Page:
Faithlife Sermons

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The church or a local community of believers is essential to our spiritual well-being.
Believers in the early church needed each other and God expected them to be there for each other.
Likewise, we need each other and God expects us to be there for each other.
God has ordained that we play a vital role in each other’s faith.
For that reason, we are commanded in Hebrews 10:25
Hebrews 10:25 KJV 1900
25 Not forsaking the assembling of ourselves together, as the manner of some is; but exhorting one another: and so much the more, as ye see the day approaching.
Jackie Robinson was the first black man to play Major League baseball.
In his first season with the Brooklyn Dodgers, Robinson faced venom nearly everywhere he traveled.
Pitchers threw fastballs at his head.
Runners spiked him on the bases, brutal comments were made to him and even to his teammates.
Even the home crowds in Brooklyn saw him as an object of reproach.
During one game in Boston, the taunts and racial slurs seemed to reach a peak.
During the game, his teammate, a Southern white man by the name Pee Wee Reese, called time . . .
and he walked from his position at shortstop toward Robinson at second base, and with the crowds looking on, he put his arm around Robinson’s shoulder.
Robinson has no idea what Reese said to him, but the fans grew quiet.
Robinson later said that meant so much to him.
I’m not talking about simple acquaintances.
I’m talking about people who will care about you, people who will love you, encourage you, and stick by your side, even with all of your sins and mistakes.
We all need good and great friends like this.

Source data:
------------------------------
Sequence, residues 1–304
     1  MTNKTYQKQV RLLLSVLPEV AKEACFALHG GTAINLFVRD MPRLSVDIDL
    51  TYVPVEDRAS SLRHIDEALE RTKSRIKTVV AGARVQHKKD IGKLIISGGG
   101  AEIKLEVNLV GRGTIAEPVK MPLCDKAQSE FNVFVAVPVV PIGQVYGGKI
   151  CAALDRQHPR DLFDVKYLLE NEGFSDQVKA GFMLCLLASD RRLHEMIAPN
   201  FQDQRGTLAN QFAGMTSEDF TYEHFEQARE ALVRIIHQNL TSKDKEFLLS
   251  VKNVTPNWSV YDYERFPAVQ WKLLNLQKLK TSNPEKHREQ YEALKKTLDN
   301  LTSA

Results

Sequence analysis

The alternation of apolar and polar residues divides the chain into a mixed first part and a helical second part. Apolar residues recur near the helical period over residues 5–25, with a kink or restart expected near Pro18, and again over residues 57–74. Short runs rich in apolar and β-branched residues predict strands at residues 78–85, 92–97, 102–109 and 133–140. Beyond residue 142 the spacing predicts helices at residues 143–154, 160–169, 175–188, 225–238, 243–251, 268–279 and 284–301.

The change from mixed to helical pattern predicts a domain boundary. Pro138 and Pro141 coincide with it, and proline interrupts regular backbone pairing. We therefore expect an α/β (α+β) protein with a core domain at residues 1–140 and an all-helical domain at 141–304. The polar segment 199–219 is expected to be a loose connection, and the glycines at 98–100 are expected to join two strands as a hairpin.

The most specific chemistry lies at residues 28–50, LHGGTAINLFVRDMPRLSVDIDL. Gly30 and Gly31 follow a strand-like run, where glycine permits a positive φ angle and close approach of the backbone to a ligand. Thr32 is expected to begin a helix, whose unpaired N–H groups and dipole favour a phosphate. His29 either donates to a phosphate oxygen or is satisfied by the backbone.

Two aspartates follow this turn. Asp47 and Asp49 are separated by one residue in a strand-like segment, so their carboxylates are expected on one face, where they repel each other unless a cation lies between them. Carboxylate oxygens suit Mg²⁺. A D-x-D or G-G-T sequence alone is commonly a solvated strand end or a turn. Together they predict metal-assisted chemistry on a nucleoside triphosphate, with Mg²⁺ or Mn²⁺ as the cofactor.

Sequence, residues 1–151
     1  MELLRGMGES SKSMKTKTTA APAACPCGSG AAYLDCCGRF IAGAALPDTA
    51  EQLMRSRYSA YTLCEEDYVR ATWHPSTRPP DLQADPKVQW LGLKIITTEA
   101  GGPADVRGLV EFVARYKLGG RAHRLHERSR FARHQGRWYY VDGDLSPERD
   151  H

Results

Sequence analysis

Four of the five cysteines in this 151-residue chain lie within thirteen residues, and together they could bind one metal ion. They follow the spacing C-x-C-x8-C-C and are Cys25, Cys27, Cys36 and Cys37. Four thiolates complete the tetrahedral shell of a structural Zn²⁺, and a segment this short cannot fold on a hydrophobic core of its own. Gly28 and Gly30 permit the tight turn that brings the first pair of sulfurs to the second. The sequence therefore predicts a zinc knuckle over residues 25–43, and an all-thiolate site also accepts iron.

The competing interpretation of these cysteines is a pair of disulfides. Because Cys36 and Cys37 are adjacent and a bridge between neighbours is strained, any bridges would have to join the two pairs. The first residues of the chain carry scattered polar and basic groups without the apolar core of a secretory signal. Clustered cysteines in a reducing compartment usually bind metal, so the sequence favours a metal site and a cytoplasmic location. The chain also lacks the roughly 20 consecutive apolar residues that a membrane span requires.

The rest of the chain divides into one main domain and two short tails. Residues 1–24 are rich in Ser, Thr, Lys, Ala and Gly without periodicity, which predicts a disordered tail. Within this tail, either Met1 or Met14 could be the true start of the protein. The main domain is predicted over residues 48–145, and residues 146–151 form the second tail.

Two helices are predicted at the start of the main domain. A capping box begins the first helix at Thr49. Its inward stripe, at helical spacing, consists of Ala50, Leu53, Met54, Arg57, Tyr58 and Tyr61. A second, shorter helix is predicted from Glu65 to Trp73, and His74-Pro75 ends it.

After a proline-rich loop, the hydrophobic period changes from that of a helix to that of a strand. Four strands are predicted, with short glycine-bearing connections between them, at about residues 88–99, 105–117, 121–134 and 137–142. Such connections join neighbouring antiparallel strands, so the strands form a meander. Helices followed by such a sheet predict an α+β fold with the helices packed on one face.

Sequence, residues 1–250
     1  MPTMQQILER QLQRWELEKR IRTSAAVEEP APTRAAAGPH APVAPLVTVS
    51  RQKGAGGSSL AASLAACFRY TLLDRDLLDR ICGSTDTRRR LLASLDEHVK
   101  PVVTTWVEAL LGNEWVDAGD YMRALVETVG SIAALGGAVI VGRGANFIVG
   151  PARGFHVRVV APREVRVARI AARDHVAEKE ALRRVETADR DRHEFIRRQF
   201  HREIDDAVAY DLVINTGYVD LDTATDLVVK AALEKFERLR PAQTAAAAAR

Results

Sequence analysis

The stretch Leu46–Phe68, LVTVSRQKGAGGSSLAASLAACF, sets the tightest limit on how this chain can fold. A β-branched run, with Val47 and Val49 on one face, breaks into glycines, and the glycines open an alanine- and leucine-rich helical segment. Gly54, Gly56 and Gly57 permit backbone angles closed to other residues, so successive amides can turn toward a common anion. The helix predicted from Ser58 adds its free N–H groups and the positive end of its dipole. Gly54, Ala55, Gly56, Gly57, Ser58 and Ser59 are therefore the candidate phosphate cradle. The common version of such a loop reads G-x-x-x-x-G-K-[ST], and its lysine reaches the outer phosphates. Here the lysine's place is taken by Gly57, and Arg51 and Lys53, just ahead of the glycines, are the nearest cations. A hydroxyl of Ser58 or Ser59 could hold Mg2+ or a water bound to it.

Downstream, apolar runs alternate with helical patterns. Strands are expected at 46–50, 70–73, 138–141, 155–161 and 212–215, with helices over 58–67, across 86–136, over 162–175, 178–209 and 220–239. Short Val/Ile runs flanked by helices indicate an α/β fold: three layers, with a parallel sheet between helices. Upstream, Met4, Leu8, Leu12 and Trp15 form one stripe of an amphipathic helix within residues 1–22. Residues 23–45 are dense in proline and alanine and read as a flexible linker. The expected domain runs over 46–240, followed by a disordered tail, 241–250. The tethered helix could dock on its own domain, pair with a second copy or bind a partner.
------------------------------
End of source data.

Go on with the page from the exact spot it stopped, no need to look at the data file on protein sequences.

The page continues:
There’s a story in the Bible about some great friends.
I want to share that scripture with you.
It’s found in Mark 2:1-12
It’s one of the great stories in the Bible about community.
It involved a paralyzed man and his friends.
Imagine what life was like for a paralytic in the ancient world.
This man's whole life is lived on a mat three feet wide and six feet long.
Someone has to feed him, carry him, clothe him, move him to keep him from being covered with bedsores, clean him when he soils himself.
He will never know the sense of independence we fiercely try to maintain.
Nothing can be done medically — no surgeries, no rehab programs, no treatment centers.
Anyone in this man's condition has to go through life as a beggar — lay by the side of the road, be dependent on people dropping coins beside him so he could live another day.
He has no money, no job, no influence, no family, and seemingly not much of a future.
What's he got going for him?
This man had friends, amazing friends!! He’s in one of the most amazing small groups of all time.
This whole story takes place because of his friends.
Without them, he never makes it to Jesus, never gets forgiven, and never gets healed.
Because of his physical condition, the odds were against this man having any friendships at all.
Even in our day, people who wrestle with physical challenges often say the most difficult obstacles they face are the attitudes of so-called normal people.
Those are people who don’t know how to respond, sometimes they’re unkind, sometimes they look away.
This is a fast-paced world, and it is not a very gracious place for those who can't run as fast as others.
But the ancient world could be even harsher.
The Greeks regularly disposed of newborn infants with physical abnormalities.
In ancient Israel, there was an assumption that if people were suffering physically, they had brought it on themselves.
In another New Testament story the disciples see a man blind from birth and ask Jesus, "Rabbi, who sinned, this man or his parents, that he was born blind?"